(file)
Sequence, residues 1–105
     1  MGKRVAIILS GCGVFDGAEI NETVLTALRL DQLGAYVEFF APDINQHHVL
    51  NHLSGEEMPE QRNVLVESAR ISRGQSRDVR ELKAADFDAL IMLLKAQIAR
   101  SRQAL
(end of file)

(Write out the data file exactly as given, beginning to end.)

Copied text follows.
Sequence, residues 1–105
     1  MGKRVAIILS GCGVFDGAEI NETVLTALRL DQLGAYVEFF APDINQHHVL
    51  NHLSGEEMPE QRNVLVESAR ISRGQSRDVR ELKAADFDAL IMLLKAQIAR
   101  SRQAL